Ellis, reached by phone, confirmed this, dryly observing, “Dennis and I both deal with doomed youth -- but he’s out-doomed me!”
Ellis’ admiration stands in marked contrast to the takeover bid of Laura Albert, the woman behind the “j.t. leroy” hoax. A fictional writer marketed as a real one, his persona slyly crafted from aspects of Cooper’s writing and marketed to a credulous mob of celebrities (Asia Argento and Winona Ryder among them), the j.t. leroy caper collapsed this past year, to Cooper’s considerable relief, when the supposed teenage transgender prostitute writer was unmasked as the grown-up Albert.
Looking back at the turns his career has taken, Cooper is quite pleased. “In some ways I’ve become what I always wanted to be, ‘cause my model for all writing were the avant-garde writers of the New York poets school. When I was first published in the ‘80s and the early ‘90s, that was when gay literature was a big thing. It’s such a different world now. Back then all gay guys read books. When we gave readings, huge numbers of gay guys would show up.”
In a sense “God Jr.” may be his most audacious novel. “In a way it’s another book about George Miles,” Cooper said. Miles is the troubled youth central to Cooper’s writing whom he had a brief affair with in ninth grade, then lost track of only to discover later he died by his own hand. But unlike the others it proceeds from a “voice” that’s not Cooper’s but, rather, that of a seemingly ordinary middle-class man named Jim recovering from a car accident that took the life of his teenage son.
Being about a father and a son, “God Jr.” has a lot more to do with Cooper’s own father than anything he’s done. And now with his mother gone, his father, a successful businessman who started a company that helped design parts for the early unmanned space shots, has become important to Cooper in new ways.
“He was advisor to several presidents -- Truman and Ford and Eisenhower, and was a really right-wing Republican back then,” Cooper explained. “He was really close with Nixon for many years. My brother Richard is even named after Nixon. My father was one of the people who drafted the ‘Checkers’ speech. But finally he had a falling out with Nixon. Now he’s a liberal Democrat.”
Cooper’s mother was trained as a concert pianist but gave it up to marry his father. “I think she regretted it the rest of her life,” Cooper said. “I wouldn’t have been able to do what I do without her. When I was broke, she gave me money. I never had a real job. I devoted myself to my work. When I started doing well, she became proud of me. She was often embarrassed by what I wrote.... But she knew I was serious about writing, and working hard, not wasting money. And she wanted to meet Yury. I really thought we were going to be able to do that. That was the biggest heartbreak of all.”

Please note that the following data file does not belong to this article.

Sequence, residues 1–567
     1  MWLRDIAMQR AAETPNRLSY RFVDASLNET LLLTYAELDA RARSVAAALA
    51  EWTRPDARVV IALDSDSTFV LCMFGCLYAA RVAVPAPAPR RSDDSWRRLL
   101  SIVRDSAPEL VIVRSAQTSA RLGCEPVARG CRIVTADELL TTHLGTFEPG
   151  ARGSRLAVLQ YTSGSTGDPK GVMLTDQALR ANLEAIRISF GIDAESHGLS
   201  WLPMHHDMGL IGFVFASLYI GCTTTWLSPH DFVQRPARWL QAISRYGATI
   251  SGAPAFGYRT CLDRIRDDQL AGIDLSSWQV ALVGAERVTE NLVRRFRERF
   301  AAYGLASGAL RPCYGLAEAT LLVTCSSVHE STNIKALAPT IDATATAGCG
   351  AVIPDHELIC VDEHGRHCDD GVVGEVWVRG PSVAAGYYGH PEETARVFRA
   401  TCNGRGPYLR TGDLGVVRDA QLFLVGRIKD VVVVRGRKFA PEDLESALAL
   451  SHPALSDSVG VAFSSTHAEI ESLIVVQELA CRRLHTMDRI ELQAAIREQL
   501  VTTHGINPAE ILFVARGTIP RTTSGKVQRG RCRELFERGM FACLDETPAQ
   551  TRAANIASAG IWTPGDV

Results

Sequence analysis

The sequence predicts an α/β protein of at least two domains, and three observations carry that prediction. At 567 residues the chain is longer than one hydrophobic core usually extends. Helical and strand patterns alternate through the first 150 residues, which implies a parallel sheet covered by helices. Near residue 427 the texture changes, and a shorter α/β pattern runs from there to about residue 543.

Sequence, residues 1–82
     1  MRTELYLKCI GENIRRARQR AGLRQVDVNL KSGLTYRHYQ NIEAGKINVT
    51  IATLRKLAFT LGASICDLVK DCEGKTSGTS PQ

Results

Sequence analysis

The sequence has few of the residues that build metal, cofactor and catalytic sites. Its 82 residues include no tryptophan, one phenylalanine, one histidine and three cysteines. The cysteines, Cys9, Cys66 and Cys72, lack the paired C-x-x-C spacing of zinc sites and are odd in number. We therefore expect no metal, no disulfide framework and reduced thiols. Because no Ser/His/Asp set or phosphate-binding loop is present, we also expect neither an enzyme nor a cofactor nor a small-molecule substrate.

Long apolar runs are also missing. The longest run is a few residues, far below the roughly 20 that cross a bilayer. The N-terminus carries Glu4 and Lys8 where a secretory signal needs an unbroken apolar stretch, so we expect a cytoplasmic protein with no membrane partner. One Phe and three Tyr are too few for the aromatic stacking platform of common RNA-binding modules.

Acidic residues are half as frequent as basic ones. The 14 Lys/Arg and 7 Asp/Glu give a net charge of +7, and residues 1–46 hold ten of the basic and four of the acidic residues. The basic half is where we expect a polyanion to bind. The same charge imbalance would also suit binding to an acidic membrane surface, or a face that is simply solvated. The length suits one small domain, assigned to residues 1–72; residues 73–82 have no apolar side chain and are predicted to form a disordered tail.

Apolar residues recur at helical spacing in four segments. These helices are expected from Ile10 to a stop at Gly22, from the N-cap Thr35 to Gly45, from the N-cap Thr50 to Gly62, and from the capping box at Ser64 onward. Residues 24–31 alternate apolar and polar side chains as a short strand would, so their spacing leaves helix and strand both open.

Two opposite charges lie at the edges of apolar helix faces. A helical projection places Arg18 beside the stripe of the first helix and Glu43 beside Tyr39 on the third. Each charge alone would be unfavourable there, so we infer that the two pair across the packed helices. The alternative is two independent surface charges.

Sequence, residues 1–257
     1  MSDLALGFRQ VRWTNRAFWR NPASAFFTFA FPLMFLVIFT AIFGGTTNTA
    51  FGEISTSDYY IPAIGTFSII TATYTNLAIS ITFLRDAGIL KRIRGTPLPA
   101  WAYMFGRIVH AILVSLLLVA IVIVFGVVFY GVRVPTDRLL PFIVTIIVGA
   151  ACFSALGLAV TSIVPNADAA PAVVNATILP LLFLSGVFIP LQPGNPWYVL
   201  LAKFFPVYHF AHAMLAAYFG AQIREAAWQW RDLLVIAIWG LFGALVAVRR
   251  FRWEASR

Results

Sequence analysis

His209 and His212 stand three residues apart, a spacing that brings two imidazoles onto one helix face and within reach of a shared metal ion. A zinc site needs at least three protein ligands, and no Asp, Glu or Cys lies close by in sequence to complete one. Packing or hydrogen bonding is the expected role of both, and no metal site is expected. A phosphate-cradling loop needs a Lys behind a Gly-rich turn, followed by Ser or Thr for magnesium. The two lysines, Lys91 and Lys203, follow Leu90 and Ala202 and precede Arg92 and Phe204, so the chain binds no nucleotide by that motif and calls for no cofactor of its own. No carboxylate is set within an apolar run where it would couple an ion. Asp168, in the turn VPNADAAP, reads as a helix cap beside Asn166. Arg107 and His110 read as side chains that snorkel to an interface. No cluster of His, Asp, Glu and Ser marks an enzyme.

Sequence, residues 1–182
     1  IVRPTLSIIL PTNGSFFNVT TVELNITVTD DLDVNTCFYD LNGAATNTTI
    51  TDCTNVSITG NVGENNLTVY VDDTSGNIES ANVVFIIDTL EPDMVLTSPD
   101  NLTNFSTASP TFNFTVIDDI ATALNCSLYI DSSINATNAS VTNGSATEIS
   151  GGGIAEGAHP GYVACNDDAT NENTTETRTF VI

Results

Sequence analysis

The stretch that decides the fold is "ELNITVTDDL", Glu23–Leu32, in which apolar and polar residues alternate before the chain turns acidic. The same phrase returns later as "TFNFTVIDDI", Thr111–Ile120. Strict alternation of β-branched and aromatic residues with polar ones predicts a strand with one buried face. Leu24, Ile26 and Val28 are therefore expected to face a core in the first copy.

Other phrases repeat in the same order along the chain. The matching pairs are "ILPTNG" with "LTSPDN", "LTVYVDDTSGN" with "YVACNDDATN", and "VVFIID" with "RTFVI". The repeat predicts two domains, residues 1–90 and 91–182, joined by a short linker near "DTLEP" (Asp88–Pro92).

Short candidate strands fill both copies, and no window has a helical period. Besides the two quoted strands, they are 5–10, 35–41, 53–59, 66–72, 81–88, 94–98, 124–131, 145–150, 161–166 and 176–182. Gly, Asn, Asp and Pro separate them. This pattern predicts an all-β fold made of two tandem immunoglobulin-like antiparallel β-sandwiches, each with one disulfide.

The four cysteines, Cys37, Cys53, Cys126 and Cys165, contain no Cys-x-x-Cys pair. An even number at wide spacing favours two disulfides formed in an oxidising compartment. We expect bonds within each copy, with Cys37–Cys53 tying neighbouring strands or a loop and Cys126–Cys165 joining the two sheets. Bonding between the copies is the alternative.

The beginning of this year found Cooper flying back and forth between Paris and his mother’s bedside in Los Angeles, until her death in March. The result took a toll on his health that led to his cancellation of appearances at events to launch the “Userlands” collection. Cooper hopes to come back to Los Angeles in May to see his father and his siblings. As for his next literary effort, “There’s this novel about a cannibal I’ve been trying to write.”
As if some of us couldn’t have guessed.
Well aware of both the dapper gay anthropologist Tobias Schneebaum’s well-received memoir of life about the cannibals, “Keep the River on Your Right,” and the recent case of German cannibal who contacted his victim through the Internet (“You can’t believe the weird fetishes you can find there!”), Cooper (who is, by the way, a vegetarian) has found he’s hit something of a wall.
“I’ve been working on it for a year, but at this point it’s probably never going to get done. I want to do something else with eroticism and violence. In the cannibal thing there would be no sex. I’d have my cake and eat it too.”
Love a good book?
Get the latest news, events and more from the Los Angeles Times Book Club, and help us get L.A. reading and talking.
You may occasionally receive promotional content from the Los Angeles Times.